What Do You Mean ‘It’ll Be Three Days’?

On Friday, my computer chucked in the towel: blue screening all over the show. I called a repairman, we did a drop off (I felt like a drug lord) and he drove away with what I dramatically told him was my life’s work.

He sorted the blue screen stuff (faulty RAM stick) then the computer refused to charge. He fixed the charger then the wireless wouldn’t arc up. He worked out the wireless then the computer wouldn’t start. He sent it to computer ER.

I hope the last domino has fallen.


It’s a curious thing. When Tony, the repairman, told me it would be three or four days until I saw my laptop again, I just about blue screened myself. How the heck…? I had things to do, projects to work on. This next week was to be an intense time, a fun time…a productive time. And now, pow zam zap, all in cinders.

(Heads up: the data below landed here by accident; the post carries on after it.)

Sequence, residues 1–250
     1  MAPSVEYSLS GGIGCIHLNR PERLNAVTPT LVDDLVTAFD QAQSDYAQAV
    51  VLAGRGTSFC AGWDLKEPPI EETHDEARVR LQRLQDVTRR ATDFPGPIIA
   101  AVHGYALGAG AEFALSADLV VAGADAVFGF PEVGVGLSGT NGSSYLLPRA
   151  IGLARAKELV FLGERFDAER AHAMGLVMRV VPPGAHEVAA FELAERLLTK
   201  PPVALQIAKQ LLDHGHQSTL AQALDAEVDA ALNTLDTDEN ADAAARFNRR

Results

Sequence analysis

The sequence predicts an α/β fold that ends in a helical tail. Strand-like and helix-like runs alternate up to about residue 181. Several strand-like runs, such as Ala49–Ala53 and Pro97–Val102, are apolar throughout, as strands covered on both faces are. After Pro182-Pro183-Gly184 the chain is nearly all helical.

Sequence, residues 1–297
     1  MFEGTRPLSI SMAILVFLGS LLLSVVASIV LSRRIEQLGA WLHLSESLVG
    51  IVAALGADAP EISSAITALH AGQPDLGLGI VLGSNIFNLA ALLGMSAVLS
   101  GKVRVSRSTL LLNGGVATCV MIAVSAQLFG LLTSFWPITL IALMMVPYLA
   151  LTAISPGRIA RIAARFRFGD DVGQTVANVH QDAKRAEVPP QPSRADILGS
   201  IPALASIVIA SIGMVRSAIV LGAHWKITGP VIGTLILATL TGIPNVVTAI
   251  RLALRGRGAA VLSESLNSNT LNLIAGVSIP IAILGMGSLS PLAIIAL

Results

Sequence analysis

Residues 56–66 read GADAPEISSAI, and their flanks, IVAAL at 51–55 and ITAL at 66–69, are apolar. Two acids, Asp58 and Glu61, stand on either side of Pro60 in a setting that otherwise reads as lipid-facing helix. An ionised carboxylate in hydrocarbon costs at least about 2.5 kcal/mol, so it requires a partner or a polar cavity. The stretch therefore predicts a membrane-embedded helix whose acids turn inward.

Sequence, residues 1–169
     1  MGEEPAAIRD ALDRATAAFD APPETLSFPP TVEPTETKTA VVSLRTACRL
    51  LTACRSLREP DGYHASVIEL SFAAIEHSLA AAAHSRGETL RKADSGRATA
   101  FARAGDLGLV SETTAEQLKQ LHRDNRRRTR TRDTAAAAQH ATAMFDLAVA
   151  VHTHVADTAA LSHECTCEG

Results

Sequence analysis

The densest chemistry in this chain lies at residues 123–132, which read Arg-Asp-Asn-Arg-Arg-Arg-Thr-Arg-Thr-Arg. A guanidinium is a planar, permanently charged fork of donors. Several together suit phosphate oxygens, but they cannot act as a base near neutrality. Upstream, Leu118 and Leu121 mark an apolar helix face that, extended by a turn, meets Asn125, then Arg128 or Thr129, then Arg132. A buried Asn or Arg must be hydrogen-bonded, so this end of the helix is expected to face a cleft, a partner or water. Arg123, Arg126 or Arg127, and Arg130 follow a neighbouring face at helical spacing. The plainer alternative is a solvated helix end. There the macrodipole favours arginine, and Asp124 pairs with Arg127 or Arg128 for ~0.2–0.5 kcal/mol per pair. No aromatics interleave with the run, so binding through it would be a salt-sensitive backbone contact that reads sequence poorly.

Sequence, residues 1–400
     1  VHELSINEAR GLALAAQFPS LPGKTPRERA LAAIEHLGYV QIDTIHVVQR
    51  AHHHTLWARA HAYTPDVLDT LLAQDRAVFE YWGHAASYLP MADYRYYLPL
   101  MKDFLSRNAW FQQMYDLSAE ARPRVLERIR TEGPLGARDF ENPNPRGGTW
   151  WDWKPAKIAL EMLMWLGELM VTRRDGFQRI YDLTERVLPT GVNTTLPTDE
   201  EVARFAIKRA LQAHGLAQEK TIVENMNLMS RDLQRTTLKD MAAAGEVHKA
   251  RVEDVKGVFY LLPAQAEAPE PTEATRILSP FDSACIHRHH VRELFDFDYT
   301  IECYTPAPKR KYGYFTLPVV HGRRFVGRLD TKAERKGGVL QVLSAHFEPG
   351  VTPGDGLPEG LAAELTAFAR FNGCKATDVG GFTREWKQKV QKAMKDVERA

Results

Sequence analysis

I checked my to do list. There were things I could do that did not require a computer, things that might have been pushed aside or snarled at if I’d had one.

That afternoon in the library, as I signed out the maximum number of items (all picture books) the contrasting colours on the cover of a book on the counter drew my attention. Oooh! A thick  novel by one of my favourite authors. Goodbye ‘The Elephant and the Bad Baby”, I’ve read you once, you can wait for another day when there is less magic around.

The following morning I climbed the steep hill behind my house feeling this time like Lucie from Mrs Tiggywinkle: ‘along a steep pathway – up and up – until Little-town was right away down below – she could have dropped a pebble down the chimney’. Moisture turned the far hills blue. A nearby lake shimmered and it was warm enough to remove my mittens.

At home, I nested in the sun room. It’s often too bright in there for me to see my computer screen but a crisp white notebook… now that works. With no web pages to distract me, no photos to fiddle with (one of my planned projects) I am putting in the yards on my picture book. It is taking shape.